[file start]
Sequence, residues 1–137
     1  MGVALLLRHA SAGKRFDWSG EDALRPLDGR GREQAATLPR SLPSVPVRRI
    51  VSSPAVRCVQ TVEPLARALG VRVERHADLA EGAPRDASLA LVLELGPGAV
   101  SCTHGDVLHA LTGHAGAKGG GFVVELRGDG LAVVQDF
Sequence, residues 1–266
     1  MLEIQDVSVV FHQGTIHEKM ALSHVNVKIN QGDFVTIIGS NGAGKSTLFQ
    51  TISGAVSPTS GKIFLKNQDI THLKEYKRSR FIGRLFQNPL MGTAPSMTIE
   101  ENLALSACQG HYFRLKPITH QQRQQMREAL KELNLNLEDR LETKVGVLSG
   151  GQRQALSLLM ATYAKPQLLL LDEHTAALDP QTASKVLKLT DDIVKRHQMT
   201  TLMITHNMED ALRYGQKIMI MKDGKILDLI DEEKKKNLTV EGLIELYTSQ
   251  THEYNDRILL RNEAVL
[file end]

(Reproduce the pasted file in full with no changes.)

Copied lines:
Sequence, residues 1–137
     1  MGVALLLRHA SAGKRFDWSG EDALRPLDGR GREQAATLPR SLPSVPVRRI
    51  VSSPAVRCVQ TVEPLARALG VRVERHADLA EGAPRDASLA LVLELGPGAV
   101  SCTHGDVLHA LTGHAGAKGG GFVVELRGDG LAVVQDF
Sequence, residues 1–266
     1  MLEIQDVSVV FHQGTIHEKM ALSHVNVKIN QGDFVTIIGS NGAGKSTLFQ
    51  TISGAVSPTS GKIFLKNQDI THLKEYKRSR FIGRLFQNPL MGTAPSMTIE
   101  ENLALSACQG HYFRLKPITH QQRQQMREAL KELNLNLEDR LETKVGVLSG
   151  GQRQALSLLM ATYAKPQLLL LDEHTAALDP QTASKVLKLT DDIVKRHQMT
   201  TLMITHNMED ALRYGQKIMI MKDGKILDLI DEEKKKNLTV EGLIELYTSQ
   251  THEYNDRILL RNEAVL